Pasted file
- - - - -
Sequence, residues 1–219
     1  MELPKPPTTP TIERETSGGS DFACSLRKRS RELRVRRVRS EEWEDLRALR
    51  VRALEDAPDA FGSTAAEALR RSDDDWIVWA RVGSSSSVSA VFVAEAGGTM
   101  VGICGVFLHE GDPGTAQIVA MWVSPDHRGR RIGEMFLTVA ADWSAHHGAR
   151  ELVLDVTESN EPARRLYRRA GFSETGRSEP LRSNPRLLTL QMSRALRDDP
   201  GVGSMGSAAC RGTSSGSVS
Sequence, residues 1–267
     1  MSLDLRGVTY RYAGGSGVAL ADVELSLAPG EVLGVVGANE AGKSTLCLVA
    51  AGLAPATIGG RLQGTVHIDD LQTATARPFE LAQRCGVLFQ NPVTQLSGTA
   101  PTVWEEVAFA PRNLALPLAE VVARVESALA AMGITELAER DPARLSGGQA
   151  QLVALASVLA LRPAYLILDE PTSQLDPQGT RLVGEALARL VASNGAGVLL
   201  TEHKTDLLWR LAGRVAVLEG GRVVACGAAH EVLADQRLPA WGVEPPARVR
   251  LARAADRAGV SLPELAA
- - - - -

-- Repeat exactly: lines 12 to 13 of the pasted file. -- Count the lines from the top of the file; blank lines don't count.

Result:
   201  TEHKTDLLWR LAGRVAVLEG GRVVACGAAH EVLADQRLPA WGVEPPARVR
   251  LARAADRAGV SLPELAA